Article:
In addition to the Biblical foundations put forth by our Founding Fathers, the ‘allusions’ I hinted at in the “Battle Hymn of the Republic” were also all taken directly from the Bible (In order, by verse: Ezekiel 28:22-23; Revelation 14:18-20; Isaiah 34:6-10 and 63:1-4; 1 Samuel 13:5-14; Daniel 5:5; Revelation 20:11; Revelation 12:10-12; Revelation 18:20).

In conclusion, one of the stanzas Howe penned in the hymn captures my point better than I can:

“He has sounded forth the trumpet that shall never call retreat;
He is sifting out the hearts of men before His judgment-seat:
Oh, be swift, my soul, to answer Him! be jubilant, my feet!
Our God is marching on.”

For those who are ‘adamant’ about the ‘separation of church and state’ (another misconception for another time), I hope I have prompted you to investigate our founding further. You may not agree with it now, but at least you’ll know the true history.

For me, even more than being patriotic, I think the only way we are going to ‘transfigure’ America, is to PUT GOD BACK IN ‘CHARGE’. What do you think?

[Excerpts from: Tim Ewing; David Barton; Tony Perkins]

May God Bless… Mark

[P.S.: If you would like to investigate further how to develop  a “relationship” with God, visit the following link:
http://www.4vis.com/sfm/sfm_pres/sp_q12_d1_1of10.html ].

LIFE’S DEEP THOUGHTS (v89) for JULY 2006
If you have a ‘neat’ story or some thoughts about an issue or current event that you would like me to try to respond to, I would be glad to give it a try…so, send them to me at: mbesh@comcast.net

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BATTLE HYMN OF THE REPUBLIC
Mine eyes have seen the glory of the coming of the Lord:
_He is trampling out the vintage where the grapes of wrath are stored;
He hath loosed the fateful lightning of His terrible swift sword:
His truth is marching on.

Chorus:
Glory! Glory! Hallelujah!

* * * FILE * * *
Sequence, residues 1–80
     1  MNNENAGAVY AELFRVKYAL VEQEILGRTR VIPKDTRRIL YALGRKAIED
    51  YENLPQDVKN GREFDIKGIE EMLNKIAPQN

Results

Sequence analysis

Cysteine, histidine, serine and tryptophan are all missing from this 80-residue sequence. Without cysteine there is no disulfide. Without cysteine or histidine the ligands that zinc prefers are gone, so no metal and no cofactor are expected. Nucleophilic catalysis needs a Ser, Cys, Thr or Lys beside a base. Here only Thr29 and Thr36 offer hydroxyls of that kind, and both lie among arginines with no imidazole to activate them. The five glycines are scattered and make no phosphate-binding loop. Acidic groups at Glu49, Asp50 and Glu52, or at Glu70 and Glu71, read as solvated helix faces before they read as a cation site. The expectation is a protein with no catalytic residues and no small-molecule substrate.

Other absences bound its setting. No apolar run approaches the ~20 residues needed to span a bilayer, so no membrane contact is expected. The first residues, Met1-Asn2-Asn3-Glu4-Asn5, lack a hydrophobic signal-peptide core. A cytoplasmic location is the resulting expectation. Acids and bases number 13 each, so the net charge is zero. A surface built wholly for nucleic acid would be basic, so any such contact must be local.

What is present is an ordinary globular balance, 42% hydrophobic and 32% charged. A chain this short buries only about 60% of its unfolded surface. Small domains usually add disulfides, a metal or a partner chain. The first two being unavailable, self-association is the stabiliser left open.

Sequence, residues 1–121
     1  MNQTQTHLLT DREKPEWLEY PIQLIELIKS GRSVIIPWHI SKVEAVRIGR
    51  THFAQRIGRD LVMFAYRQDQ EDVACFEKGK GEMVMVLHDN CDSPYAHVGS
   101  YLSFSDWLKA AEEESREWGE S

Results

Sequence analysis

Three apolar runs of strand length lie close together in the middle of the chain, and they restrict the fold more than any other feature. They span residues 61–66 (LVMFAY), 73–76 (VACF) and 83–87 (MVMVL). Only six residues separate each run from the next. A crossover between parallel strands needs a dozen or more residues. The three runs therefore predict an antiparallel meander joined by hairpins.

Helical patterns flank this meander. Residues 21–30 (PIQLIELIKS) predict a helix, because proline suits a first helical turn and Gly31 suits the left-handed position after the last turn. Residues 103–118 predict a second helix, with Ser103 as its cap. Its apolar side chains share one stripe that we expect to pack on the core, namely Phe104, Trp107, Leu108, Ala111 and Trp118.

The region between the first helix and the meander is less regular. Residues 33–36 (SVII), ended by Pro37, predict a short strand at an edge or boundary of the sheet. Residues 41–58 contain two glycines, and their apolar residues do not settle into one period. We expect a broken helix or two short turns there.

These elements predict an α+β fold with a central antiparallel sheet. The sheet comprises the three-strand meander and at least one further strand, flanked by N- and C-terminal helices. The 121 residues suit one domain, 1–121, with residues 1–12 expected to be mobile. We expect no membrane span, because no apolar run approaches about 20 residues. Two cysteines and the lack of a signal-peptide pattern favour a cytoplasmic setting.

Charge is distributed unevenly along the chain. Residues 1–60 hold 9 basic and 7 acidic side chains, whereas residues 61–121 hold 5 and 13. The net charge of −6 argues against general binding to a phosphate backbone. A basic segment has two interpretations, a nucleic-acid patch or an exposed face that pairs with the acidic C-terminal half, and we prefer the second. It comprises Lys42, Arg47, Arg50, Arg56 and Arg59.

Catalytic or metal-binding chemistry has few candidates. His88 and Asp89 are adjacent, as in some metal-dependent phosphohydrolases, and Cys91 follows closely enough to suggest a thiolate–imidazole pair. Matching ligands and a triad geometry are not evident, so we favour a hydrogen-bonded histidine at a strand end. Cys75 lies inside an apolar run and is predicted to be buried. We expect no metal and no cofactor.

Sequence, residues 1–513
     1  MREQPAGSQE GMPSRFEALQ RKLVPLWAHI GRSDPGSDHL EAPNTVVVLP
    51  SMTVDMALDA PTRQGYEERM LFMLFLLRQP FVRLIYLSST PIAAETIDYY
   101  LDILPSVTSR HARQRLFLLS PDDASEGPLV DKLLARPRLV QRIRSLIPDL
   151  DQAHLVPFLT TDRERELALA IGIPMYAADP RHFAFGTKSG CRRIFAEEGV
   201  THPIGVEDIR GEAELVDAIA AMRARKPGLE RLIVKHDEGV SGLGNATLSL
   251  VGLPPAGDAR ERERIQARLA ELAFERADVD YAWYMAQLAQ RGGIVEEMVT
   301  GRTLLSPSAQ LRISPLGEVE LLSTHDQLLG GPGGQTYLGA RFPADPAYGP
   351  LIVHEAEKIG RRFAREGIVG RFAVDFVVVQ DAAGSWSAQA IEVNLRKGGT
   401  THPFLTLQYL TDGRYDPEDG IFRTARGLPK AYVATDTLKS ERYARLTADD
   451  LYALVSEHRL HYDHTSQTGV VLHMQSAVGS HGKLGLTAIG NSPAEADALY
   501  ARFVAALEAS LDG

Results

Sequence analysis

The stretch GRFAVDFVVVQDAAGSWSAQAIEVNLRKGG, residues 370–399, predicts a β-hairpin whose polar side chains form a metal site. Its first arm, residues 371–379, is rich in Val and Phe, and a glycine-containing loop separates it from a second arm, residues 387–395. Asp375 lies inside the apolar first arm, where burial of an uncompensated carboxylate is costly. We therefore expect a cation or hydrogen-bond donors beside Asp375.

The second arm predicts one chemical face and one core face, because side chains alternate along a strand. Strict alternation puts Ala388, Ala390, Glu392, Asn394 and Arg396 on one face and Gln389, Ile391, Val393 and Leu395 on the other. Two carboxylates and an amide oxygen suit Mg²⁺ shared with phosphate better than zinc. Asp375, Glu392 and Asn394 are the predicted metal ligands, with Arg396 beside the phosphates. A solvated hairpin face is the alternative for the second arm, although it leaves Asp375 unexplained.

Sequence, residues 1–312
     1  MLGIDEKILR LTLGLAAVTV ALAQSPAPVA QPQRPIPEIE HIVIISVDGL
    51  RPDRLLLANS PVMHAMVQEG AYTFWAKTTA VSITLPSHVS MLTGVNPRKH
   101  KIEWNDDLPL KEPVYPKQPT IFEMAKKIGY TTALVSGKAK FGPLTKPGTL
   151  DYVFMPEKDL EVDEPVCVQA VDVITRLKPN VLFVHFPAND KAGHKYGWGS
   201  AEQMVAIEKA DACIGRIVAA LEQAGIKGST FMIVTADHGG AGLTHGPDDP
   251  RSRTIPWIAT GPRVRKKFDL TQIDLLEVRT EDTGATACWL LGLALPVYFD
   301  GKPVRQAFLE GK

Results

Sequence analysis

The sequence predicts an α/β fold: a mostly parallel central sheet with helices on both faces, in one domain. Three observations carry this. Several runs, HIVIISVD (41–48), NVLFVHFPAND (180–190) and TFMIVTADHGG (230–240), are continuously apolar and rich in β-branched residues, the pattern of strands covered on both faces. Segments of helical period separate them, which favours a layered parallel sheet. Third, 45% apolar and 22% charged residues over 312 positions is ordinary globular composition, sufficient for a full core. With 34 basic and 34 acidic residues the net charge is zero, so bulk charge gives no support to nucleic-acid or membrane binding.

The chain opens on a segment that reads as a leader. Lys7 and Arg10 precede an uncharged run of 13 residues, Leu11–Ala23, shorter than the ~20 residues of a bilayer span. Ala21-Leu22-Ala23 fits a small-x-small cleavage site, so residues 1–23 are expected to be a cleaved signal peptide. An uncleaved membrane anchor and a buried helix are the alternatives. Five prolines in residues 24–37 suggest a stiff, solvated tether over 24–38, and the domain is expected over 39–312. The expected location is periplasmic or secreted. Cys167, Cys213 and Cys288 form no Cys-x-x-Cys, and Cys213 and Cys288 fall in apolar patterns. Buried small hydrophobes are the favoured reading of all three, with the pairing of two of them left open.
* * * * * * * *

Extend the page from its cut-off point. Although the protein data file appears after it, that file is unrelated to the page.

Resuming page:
Glory! Glory! Hallelujah!
Glory! Glory! Hallelujah!
His truth is marching on.

I have seen Him in the watch-fires of a hundred circling camps,
They have builded Him an altar in the evening dews and damps;
I can read His righteous sentence by the dim and flaring lamps:
His day is marching on.

I have read a fiery gospel writ in burnished rows of steel:
“As ye deal with my contemners, so with you my grace shall deal;
Let the Hero, born of woman, crush the serpent with his heel,
Since God is marching on.”

He has sounded forth the trumpet that shall never call retreat;
He is sifting out the hearts of men before His judgment-seat:
Oh, be swift, my soul, to answer Him! be jubilant, my feet!
Our God is marching on.

In the beauty of the lilies Christ was born across the sea,
With a glory in his bosom that transfigures you and me:
As he died to make men holy, let us die to make men free,
While God is marching on.
[Julia Ward Howe]
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AMERICA, THE BEAUTIFUL
O beautiful for spacious skies,
For amber waves of grain,
For purple mountain majesties
Above the fruited plain!

America! America!
God shed His grace on Thee,
And crown thy good with brotherhood
From sea to shining sea!

O beautiful for patriot dream
That sees beyond the years
Thine alabaster cities gleam
Undimmed by human tears!

America! America!
God shed His grace on Thee,
And crown thy good with brotherhood
From sea to shining sea!
[Katharine Lee Bates]

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GOD BLESS AMERICA
God bless America,
Land that I love.
Stand beside her,
And guide her,
Thru the night with a light from above.

From the mountains,
To the prairies,
To the oceans white with foam.
God bless America,
My home, sweet, home,

God bless America,
My home, sweet, home.
[Irving Berlin]
*****************************
MY COUNTRY TIS OF THEE
My country, ‘Tis of Thee,
Sweet land of liberty,
Of Thee I sing;

Land where my fathers died,
Land of the pilgrims’ pride:
From every mountainside,
Let freedom ring.

Our fathers’ God, to Thee,
Author of liberty,
To Thee we sing;

Long may our land be bright
With freedom’s holy light;
Protect us by Thy might,
Great God, our King!
[Samuel F. Smith]
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DEEP THOUGHT
Democracy is two wolves and a lamb voting on what to have for lunch. Liberty is a well-armed lamb contesting the vote!  [Benjamin Franklin]

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I hope you enjoyed some of these insights. Share them with your friends and colleagues, so we can have a larger ‘pool’ to receive from—and more to share with! Also, remember to include your name as the “source,” especially if some of this wisdom is of your doing—I would like to give credit where credit is due!

“And where the Spirit of the Lord is, there is Liberty” [2 Corinthians 3:17].

Mark
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Disclaimer: All the above jokes & inspirations are obtained from various sources and copyright is used when known. Other than our name and headers, we do not own the copyright to any of the materials sent to this list. We just want to spread the ministry of God’s love and cheerfulness throughout the world.